The lead article in the February issue of Perspectives addresses interim life safety code measures as required by. This standard is particularly important because EP 3 by itself is associated with an adverse outcome, accreditation with follow up survey, (AFS) if there is a failure to have an ILSM policy and evaluate life safety code deficiencies using that policy.
In years past hospitals got stung by this standard when their ILSM policies and implementation only focused on construction and failed to consider other life safety code defects, such as those items being added to the Part IV, Plan for Improvement or PFI. The Joint Commission has helped to make this clearer in recent years through their many publications, educational programs and now even in the PFI itself where is asks the hospital to identify if the issue has been evaluated for ILSM.
Another point of confusion we have seen in hospitals is a failure to implement any ILSMs unless the fire alarm was shut off for 4 hours or more, in which case the safety measure implemented was a fire watch. This article makes the distinction clear between fire watch (EP 1) and ILSM’s (EP’s 4-14). Fire watch is an absolute requirement if the alarm system or sprinkler system is going to be out of service for 4 hours or more. ILSM’s, or other means of keeping people safe may be needed for other defects or construction and your policy should help shape what you do to keep people safe. A good way to think about this standard is EP’s 4-14 are things we might do, in order to promote fire safety during the timeframe when one or more defects exist. Based on the nature of each temporary defect, your ILSM policy and facilities staff should determine which of the things described in EP’s 4-14 are going to be done to enhance fire safety during this period.
We mentioned that in past years we used to see hospitals fail to evaluate for ILSM. This is seen less often today due to the reminders TJC has issued and the link in the PFI. However, we still often see a failure to document the implementation of the selected ILSM’s. If your policy says you are going to do something, and your risk assessment or decision making process confirmed you were going to do it, then you have to do it and a log or some other suitable documentation should exist to prove that you did it. Sounds simple, but when a project goes on for months, it is too easy to forget the commitment to conducting an extra fire drill (EP 11) or extra rounding to keep an area clean of combustible debris (EP 9).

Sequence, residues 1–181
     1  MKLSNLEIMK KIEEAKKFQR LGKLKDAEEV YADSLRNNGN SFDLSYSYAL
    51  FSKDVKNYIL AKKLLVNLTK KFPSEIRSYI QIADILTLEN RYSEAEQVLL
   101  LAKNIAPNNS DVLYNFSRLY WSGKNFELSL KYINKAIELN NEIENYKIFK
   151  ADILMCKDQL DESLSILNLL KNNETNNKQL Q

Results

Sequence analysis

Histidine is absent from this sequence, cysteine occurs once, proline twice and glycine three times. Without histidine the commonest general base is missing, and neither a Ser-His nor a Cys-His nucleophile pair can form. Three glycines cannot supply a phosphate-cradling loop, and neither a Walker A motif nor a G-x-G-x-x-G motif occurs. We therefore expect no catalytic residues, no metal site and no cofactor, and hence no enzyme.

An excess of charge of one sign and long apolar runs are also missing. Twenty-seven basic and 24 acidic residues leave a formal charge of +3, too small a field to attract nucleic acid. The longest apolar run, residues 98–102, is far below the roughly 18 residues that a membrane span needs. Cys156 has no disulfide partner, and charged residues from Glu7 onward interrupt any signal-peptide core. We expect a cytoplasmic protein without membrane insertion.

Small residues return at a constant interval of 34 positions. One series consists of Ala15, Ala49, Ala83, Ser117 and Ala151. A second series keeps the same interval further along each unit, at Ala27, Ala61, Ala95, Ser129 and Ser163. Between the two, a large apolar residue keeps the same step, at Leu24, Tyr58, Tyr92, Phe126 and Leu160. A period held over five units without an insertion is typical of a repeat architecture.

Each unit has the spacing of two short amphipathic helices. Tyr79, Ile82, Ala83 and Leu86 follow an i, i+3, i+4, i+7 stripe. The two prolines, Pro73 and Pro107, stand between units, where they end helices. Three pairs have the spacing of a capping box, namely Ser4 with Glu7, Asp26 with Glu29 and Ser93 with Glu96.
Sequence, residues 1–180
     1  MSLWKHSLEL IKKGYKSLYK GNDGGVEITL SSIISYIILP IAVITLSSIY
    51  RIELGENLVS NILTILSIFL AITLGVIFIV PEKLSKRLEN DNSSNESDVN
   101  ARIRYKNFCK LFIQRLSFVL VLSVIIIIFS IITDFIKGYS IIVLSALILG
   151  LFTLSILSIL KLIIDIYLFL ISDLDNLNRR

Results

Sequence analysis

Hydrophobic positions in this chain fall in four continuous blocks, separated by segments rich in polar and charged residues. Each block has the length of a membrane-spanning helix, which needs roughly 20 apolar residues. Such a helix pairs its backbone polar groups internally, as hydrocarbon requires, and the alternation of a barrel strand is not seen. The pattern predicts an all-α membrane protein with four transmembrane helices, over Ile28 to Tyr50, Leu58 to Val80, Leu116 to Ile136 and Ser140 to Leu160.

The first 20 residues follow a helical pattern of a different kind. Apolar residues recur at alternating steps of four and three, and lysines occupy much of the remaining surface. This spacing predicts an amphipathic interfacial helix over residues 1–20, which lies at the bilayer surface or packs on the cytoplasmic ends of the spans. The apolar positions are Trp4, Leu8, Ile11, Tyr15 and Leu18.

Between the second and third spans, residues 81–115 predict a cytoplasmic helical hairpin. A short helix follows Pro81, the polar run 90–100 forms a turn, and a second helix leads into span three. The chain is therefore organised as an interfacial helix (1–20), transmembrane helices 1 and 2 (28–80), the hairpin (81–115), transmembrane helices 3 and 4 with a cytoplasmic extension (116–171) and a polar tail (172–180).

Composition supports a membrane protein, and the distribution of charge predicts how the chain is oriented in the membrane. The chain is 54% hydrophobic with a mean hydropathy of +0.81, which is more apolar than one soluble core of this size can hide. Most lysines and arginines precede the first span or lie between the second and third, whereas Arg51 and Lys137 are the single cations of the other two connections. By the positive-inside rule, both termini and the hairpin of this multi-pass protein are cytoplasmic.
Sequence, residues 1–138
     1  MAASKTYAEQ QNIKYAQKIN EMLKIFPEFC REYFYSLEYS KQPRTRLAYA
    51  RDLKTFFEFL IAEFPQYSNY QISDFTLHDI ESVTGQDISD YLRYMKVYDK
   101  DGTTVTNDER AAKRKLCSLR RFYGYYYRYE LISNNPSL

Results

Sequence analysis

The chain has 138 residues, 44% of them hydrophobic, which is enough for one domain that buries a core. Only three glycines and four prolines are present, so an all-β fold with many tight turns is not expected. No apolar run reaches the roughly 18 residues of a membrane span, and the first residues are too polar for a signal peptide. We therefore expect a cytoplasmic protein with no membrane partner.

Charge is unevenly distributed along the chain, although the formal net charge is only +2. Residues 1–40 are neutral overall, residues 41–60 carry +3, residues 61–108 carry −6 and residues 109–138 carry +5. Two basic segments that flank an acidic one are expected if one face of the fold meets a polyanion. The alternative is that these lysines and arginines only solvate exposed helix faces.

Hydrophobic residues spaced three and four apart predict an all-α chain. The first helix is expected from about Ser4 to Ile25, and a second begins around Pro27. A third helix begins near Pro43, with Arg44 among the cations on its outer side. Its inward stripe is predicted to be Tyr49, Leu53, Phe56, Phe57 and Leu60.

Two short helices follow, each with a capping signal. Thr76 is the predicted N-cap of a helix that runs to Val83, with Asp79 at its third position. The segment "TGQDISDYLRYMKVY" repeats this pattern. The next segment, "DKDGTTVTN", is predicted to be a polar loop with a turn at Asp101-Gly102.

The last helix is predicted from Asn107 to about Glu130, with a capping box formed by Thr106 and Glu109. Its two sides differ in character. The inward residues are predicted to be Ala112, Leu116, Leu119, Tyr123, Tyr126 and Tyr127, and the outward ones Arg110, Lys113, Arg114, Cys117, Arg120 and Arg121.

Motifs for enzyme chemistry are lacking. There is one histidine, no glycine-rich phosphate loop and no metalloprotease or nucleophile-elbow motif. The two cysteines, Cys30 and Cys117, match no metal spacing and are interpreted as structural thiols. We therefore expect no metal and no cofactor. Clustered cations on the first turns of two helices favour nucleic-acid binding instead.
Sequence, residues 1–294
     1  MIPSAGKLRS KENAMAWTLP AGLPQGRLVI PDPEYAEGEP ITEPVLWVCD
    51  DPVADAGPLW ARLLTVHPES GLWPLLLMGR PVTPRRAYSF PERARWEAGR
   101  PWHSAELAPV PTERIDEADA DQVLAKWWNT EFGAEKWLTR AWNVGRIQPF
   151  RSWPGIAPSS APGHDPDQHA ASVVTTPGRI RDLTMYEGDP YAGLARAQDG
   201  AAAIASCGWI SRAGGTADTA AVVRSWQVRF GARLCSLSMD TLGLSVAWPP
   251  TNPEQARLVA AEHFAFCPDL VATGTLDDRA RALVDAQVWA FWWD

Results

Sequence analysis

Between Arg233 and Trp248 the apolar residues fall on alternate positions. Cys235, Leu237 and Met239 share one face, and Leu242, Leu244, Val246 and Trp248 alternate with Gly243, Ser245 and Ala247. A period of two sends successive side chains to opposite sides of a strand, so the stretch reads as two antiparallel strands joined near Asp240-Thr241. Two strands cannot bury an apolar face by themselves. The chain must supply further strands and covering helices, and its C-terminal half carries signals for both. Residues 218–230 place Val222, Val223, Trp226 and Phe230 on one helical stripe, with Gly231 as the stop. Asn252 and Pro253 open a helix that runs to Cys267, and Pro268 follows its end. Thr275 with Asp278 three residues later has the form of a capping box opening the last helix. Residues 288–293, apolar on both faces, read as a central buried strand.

One last risk point we want to mention for this standard is a failure to evaluate ILSM for Life Safety Code defects which cannot be immediately corrected, but do not trigger a PFI because you believe you can correct the defect within 45 days of discovery. While you can bypass adding the defect to the PFI, you can’t bypass evaluating the defect for ILSM or implementing ILSM as deemed necessary.
This article from Perspectives should be shared with facilities leadership and discussed at their EC committee to verify compliance. The key questions to ask for this self-assessment are:
• Do we have the required policy, which includes construction, and all identified defects?
• Are we evaluating all defects that cannot be corrected immediately (i.e., today)?
• Does our evaluation tool include potential implementation of all enhanced safety measures described in EP’s 4-14?
• Do we have documentation that we implemented ILSM for recent defects as described in our policy?
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